Totally true >~<! Success can never truly be measured in pixels ^~^! It's good to know that many veterans such as Bryan Reynolds can get a chance to really shine with social gaming developers like Zynga. It's great to know that there have finally been a number of articles that talk about the virtues of social gaming, rather than just pandering to the people who love to slam anything that even implies "casual gaming". It sure is a good sign that articles here are explaining social games in what they are, and why they are celebrated. Not why some people hate them. Thanks so much ^~^!

Something that needs to be remembered is not so much that more people want to play web games and low requirement Popcap style games, it's that almost anyone CAN play them.

I'm not saying a lot of people wouldn't be turned off by the complexity of many modern games, but I think part of it is down to so many people online just having a basic laptop or netbook, or ancient desktop running XP or even 98, and web games still work and can entertain, when they know they'll never see MW2 or Mass Effect 2 on their machine.

I really liked this article. Being someone who is older than the mass majority of people on this site I remember and still own games like Pac-Man, River Raid, Galaga, etc... I grew up as the game controller evolved from the 2600 stick and single button, to the NES with 2 buttons, to the Genesis with 3, to the SNES with 4, etc etc. Growning up as that was occuring, having to handle one extra button every couple of years was no big deal, it came with the learning curve, it also allowed for more complex interactions, which having experience on the previous platform allowed me to continue to enjoy the gaming experience.

Back in the early 80's, just about anyone could drop a quarter into a machine and figure out the basics of play. It was up/down/left/right shoot and/or jump. Every now and then a trackball or a steering wheel to mix it up. The graphics and sound weren't what they are now, but you could play for 5 - 15 minutes and have fun... Remember fun? Now we have 'interactive experiences' with 10 - 40 hours of gameplay. Controllers that have a dozen or so buttons on them, and while I hear games described as Epic and Awesome, I don't tend to hear people say Fun as much...

You may find this hard to believe, but gaming is intimadating. Most of the people on this site probably didn't start gaming on the latest hardware. They started with something more simple, with less buttons. I have seen kids who are new to games struggle with modern games. They only get the hang of it through strict trial-and-error because they have the hours upon hours to waste to figure it out. The average adult does not. They don't have the time to learn the 50+ moves Kratos has in God of War 3, or the cover system of Gears of War.

The people who helped create the industry got overthrown by the people who were the original audience and those people wanted to create deeper experiences. The ones that they themselves wanted to try. The problem is they forgot all about how it was when they started. So here comes the rise of the old guard, the people who remember that to be successful you have to be accessable to everyone and lastly fun.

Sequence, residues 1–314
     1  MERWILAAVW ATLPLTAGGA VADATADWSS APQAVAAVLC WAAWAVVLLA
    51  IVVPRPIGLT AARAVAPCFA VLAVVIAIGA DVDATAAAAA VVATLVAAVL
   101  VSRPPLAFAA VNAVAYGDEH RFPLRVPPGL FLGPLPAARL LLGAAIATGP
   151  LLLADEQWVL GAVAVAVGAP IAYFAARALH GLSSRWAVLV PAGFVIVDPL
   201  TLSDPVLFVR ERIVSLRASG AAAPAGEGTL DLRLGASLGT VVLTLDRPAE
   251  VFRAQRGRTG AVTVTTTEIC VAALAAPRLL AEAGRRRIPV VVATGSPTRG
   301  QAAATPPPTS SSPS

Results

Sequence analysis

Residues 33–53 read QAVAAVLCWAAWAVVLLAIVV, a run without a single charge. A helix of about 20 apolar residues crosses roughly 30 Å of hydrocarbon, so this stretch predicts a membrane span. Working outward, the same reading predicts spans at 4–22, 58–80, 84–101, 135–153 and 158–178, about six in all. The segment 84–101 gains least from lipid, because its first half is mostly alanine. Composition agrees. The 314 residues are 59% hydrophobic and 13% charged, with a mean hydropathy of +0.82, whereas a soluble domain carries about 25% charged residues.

Now I know many of you probably don't think games like Farmville, Bejeweled, or playing on the Wii are fun, but there are millions of people out there that do. Fun is subjective. The vast majority of the people in the world don't have 2 - 10 hours a day to spend on video games. They have 10 - 30 minutes. PopCap and Zynga games fit perfectly into that niche. They are easily accessable, they have a reward system, and allow for social interaction with other players.

I think that modern game designers need to go back to the drawing board in some cases and remember that not everyone is a hardcore gamer. I am not saying they should dumb down Mass Effect or Grand Theft Auto, what I am saying is that if they spent a little time making a few simpler titles they might reach an audience that could launch their profits through the roof, and then might also open the door for those people to try their hands at what all of us have been enjoying for years.

itf cho:
Let's remember as well that much of the popularity of Facebook games such as Farmville and Mafia Wars are also due to the fact that all you need to play them is an web browser. No dvds, no keycodes, no subscription fees, and no expensive graphics cards. And it can be played from work.

Waiting for some code to compile? click, click. There another job completed in Mafia Wars... Waiting for a conference call to start? I just harvested my fields. Social games are much less intimidating as well. If you can use a computer well enough to use Word, you have the ability to play any facebook game.

It's true, I have so many friends who don't even play games, that play Mafia Wars and enjoy it. The coolest thing about it, it's actually working as a way to lightly invite people into the interactive medium of videogaming. Without knowing it, that silly somewhat boring game (at least in my opinion) is really having an impact.

I am sorry, but I still don't get it. I can see why these casual games are successful. I have witnessed people enjoy them and can see why. But still, for some reason, I still remain completely un-interested to them. Sure, I've had my share of casual games. I have a Wii. I play Phoenix Wright in my DS. I even play "Make 7" on my wifes ipod. But still, there is something in the social aspect (the most successful mechanic in these games) that trully repels me.

They are free, they are easy to find, easy to interface and easy to enjoy. But I'd rather do that either by myself, or play WITH someone. This whole "I play, you play, everyone sees what, when and how I play and somehow what you do may or may not affect me in the future" is not really interactive. It's more coincidencial in my eyes.

Then again, I never was an avid RPG player, nor did I ever enjoy playing with other people on-line.